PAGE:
Making media in transition

This Tuesday, July 3 Transition Tooting are hosting a grassroots media video training session. Patrick Chalmers, one of the organisers, sets the scene

The politicians and journalists of Western democracies are getting it in the neck right now. Two groups that claim to act in the broader public interest are patently failing to do so, leaving their publics angry and frustrated.

This problem isn’t country specific – the same is true wherever you look around the world at elected governments and their attendant mass media. The British version features successive administrations, left, right or centre, pushing through money-friendly agendas that ignore what voters might want. Little in the related media cover makes clear how narrow interests have hijacked our political processes and locked us into policies aimed at the impossibility of endless economic growth.

Much as poor-quality politics and journalism might frustrate us, we can’t ignore their effects. We can do better than rant at their records and our own powerlessness. One way is to make our own media, focusing on what people are doing despite the political logjams and what other politics might be possible.

What seems obvious to me in 2012 certainly didn’t 20 years ago. Then I thought politicians responded to the reason, facts and figures of well-constructed journalism. It was around the time of the climate-change comedy Stark, Ben Elton’s tale of how the world failed to respond to the threat. The book made me push all the harder for a job in journalism, something I managed by getting hired as Reuters EU environment correspondent. It was a great place, so I thought, from which to join a climate-change debate leading towards effective political solutions.

I covered climate talks in Brussels and global ones in Berlin and Kyoto. The latter’s compromise was, at least, a hopeful start. The reality of the years since, through Copenhagen in 2009, has been plain ugly. The competing demands of science and politics have torn the process apart.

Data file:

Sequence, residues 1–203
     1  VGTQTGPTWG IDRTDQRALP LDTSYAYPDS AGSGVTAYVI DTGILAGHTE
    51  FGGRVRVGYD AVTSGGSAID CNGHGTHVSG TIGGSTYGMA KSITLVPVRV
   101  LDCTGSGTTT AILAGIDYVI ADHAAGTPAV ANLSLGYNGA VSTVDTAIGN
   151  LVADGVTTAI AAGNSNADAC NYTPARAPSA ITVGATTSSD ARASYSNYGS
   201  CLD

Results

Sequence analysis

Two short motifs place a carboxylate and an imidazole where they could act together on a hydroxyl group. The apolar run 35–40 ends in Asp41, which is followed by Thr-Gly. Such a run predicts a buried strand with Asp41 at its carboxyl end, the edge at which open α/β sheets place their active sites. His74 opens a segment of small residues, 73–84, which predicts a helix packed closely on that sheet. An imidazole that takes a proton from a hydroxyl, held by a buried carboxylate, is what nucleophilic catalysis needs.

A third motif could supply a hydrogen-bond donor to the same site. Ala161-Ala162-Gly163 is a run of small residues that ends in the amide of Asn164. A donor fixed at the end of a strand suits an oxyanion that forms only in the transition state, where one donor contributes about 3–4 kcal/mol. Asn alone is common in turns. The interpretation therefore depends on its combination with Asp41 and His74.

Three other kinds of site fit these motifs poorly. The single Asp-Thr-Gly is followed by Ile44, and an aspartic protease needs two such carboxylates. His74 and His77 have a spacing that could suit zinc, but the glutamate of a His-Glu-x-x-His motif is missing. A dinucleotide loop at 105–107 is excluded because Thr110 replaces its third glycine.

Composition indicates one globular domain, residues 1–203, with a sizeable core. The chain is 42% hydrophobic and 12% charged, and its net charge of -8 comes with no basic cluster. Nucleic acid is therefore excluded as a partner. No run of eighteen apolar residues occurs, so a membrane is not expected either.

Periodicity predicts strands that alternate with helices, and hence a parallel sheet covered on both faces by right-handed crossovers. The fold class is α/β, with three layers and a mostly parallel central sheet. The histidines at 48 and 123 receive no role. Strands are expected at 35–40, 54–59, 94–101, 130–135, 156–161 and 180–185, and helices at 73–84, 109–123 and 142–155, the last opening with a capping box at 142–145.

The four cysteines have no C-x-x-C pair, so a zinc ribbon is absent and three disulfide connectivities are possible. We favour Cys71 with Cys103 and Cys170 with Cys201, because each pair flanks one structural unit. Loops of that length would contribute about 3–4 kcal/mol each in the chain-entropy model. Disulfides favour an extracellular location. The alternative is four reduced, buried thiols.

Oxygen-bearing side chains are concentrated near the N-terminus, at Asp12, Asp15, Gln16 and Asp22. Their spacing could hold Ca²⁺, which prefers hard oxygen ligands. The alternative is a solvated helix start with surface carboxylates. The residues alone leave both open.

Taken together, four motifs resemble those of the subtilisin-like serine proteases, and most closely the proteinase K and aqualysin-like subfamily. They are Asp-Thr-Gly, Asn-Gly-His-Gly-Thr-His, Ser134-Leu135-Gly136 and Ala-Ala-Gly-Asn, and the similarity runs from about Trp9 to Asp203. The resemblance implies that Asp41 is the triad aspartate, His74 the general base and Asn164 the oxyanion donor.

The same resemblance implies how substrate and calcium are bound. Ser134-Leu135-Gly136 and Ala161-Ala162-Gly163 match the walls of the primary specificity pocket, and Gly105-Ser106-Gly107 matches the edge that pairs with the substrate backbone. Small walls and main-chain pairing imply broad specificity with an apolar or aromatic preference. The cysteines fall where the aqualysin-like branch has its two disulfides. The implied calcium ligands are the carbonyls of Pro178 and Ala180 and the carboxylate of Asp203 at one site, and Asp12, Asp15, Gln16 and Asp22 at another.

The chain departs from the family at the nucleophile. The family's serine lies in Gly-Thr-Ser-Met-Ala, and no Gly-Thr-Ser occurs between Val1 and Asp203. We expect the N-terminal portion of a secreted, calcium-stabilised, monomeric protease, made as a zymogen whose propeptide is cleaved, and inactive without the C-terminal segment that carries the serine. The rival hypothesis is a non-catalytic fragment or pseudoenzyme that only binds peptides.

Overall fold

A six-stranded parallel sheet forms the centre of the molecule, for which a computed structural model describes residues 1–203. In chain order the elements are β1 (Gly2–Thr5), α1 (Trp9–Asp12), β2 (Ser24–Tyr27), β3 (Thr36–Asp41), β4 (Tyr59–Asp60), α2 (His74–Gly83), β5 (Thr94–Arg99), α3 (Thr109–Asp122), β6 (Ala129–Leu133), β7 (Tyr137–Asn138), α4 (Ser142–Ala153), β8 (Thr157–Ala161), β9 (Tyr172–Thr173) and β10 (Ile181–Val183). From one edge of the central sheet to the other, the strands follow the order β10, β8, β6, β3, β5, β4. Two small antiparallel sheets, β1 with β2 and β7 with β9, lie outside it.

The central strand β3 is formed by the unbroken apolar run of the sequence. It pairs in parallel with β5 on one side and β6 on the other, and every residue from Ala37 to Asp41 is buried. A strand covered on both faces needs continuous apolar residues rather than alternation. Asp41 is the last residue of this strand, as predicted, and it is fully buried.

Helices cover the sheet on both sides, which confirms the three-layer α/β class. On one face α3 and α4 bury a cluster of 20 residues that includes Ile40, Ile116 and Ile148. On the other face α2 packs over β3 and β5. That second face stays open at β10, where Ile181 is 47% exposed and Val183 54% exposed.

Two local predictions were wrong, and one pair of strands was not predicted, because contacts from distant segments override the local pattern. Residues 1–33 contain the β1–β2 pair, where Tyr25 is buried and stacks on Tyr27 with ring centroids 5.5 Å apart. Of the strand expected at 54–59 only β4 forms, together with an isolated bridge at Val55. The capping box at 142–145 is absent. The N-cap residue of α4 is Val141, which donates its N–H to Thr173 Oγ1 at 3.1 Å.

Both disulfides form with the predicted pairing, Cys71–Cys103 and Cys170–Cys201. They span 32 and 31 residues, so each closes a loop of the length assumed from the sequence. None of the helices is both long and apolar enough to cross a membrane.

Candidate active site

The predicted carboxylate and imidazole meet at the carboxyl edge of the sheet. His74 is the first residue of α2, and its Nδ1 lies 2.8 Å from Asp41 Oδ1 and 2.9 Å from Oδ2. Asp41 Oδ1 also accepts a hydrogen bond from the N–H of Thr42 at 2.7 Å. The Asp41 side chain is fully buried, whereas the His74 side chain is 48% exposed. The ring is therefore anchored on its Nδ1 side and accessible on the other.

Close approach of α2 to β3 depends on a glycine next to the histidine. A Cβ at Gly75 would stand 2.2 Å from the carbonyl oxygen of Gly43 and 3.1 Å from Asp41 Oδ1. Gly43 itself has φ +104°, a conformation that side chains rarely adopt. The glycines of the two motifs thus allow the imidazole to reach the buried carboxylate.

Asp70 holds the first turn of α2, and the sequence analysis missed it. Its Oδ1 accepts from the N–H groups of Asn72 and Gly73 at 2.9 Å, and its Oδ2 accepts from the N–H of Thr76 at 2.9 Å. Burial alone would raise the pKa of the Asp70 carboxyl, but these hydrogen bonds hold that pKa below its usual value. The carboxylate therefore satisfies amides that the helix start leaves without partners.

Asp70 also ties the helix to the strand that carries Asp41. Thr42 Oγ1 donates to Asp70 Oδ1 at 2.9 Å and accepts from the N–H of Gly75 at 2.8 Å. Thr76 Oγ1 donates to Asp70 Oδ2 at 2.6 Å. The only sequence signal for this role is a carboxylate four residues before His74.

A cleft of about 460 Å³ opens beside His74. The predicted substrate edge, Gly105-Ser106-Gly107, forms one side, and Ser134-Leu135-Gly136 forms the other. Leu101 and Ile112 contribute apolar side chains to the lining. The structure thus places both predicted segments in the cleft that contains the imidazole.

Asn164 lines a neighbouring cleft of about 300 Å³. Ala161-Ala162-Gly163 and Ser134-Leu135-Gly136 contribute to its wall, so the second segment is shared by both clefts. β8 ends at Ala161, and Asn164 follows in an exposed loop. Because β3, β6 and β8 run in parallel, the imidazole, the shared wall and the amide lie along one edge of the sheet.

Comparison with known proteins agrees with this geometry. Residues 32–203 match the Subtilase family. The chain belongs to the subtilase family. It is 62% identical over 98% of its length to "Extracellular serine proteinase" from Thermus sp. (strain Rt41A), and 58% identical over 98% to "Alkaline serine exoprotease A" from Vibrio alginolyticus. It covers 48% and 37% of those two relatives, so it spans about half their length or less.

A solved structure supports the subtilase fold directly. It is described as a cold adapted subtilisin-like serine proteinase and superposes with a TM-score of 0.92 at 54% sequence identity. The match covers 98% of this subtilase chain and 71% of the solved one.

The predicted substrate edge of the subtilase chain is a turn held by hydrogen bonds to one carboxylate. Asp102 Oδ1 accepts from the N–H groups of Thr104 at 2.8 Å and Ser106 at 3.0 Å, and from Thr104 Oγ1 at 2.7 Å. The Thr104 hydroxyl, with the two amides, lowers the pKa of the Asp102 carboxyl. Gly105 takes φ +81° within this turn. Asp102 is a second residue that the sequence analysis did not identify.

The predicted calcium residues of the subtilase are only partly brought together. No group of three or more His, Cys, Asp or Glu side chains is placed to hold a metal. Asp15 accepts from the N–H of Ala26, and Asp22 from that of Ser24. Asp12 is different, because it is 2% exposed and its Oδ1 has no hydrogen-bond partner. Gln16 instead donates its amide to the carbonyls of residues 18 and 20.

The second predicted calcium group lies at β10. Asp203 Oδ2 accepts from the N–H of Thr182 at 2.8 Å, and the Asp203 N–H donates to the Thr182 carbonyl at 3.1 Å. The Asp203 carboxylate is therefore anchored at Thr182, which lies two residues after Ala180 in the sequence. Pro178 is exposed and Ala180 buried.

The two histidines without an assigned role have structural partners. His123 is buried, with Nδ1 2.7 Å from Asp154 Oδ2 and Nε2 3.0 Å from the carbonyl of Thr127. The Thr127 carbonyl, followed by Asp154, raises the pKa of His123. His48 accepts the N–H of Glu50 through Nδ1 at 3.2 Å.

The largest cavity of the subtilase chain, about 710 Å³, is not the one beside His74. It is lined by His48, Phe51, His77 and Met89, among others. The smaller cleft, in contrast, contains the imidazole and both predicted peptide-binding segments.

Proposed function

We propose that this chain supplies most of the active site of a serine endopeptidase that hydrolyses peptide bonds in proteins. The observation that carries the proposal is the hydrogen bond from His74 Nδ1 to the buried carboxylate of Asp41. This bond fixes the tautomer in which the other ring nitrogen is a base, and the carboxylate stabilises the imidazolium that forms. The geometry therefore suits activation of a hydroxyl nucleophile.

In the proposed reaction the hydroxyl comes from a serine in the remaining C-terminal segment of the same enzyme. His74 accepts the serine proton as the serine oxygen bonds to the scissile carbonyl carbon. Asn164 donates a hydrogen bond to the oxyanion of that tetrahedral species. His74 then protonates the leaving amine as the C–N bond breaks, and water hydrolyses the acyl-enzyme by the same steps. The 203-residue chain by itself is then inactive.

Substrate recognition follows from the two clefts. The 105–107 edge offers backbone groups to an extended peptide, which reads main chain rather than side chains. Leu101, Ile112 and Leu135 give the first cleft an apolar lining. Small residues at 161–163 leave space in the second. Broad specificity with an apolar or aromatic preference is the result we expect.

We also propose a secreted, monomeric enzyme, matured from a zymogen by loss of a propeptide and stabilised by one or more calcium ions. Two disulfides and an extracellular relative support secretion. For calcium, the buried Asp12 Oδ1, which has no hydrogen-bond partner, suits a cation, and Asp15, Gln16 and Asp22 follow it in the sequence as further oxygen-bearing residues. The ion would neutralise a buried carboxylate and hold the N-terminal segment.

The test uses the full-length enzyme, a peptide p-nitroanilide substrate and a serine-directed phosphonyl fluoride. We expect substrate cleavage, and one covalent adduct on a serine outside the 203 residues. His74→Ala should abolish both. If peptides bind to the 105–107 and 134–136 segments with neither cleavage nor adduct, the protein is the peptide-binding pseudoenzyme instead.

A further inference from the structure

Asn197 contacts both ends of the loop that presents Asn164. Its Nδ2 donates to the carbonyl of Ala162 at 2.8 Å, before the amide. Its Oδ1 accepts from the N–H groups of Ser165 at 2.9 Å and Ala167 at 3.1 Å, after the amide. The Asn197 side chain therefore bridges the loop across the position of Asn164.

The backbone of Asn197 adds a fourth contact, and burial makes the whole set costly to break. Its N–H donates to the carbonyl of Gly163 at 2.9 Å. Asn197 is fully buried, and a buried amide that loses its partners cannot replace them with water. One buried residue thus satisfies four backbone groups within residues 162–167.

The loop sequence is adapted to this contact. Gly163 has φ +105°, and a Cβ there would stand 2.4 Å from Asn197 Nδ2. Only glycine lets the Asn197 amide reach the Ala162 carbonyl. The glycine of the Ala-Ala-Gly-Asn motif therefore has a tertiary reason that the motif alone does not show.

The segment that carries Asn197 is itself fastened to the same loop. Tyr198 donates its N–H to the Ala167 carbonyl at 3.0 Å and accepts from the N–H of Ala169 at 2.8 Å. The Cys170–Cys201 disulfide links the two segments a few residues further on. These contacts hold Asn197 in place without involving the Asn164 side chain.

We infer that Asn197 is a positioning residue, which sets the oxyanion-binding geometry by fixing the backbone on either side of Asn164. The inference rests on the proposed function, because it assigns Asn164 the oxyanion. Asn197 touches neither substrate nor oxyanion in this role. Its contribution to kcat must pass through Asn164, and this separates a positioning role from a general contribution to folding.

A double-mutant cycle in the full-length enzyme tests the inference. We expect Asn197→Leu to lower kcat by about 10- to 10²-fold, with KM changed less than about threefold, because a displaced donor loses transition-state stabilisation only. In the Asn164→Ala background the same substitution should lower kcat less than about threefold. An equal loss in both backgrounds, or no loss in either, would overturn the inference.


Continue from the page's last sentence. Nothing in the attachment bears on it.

Writing today, after years of research into the failures of our democracies and journalism, I see political accountability deficits stretching way beyond climate change. They were evident in the second Iraq war, the global financial crisis and growing in wealth inequalities around the world.

Peak oil, the second pillar of the Transition challenge, faces this same dual failure. Despite growing piles of evidence there is minimal political action or conventional media attention.

Transitioners’ challenge is how to respond, starting with the media part of the problem. Why media first? If we don’t learn about and understand these issues, how can we dream up workable solutions?

Plenty of transitioners are busy at that already. Their blogs, pictures, video and audio materials give vibrant life to the monthly newsletters put out on the Transition Network news feed. This year’s In Transition 2.0 combines their stories in an inspiring feature-length documentary. Doing the same on an ongoing basis, knitting together the many small-scale responses, could provide a truly powerful motor for change. The result could be a global network of reporters focused on how people are transforming their communities into havens of resilience.

Helping the process gain strength is the challenge. It is something I have been testing since 2005 in southwest France, where I moved on leaving Reuters. This backwoods hosts long-term locals, incomers from elsewhere in France and foreigners such as myself.

My explorations include the hosting of monthly documentary screenings. These free events begin with shared food and end in debate. People learn new things together, escaping their solitary TV screens for a bigger, shared one. We’ve made a few short films ourselves and run a free video training for those wanting to learn.

The future promises an occasional TV channel, broadcast once a month and on the internet, something like Hay-on-Wye’s Hay on TV. I can see how trainings can be made much easier having volunteered regularly for the London-based video activist group visionOntv. Their reporting templates show how to use smartphones to make short films for rapid broadcast.

Another route is to use audio, with podcasts or community radio programmes, such as the weekly Transition Show in Stroud.

The possibilities are vast – the promise of better politics and media is real – it’s time to get going.

A “Taster” smartphone video training by visionOntv trainers, hosted by London’s Transition Town Tooting, will take place at 7-9pm on Tuesday July 3. Venue: Mushkil Aasaan, 222 Upper Tooting Rd, SW17. Suggested donations £10. For further info contact Belinda at info@tapartsproject.co.uk

 PATRICK CHALMERS is a 45-year-old Scotsman who has lived in rural southwest France with his family since 2005. He worked for Reuters for 11 years, taking postings in London and  Kuala Lumpur, before leaving to write Fraudcast News. his first book.

Image: tagcloud by Hamish Campbell from visionONtv blog

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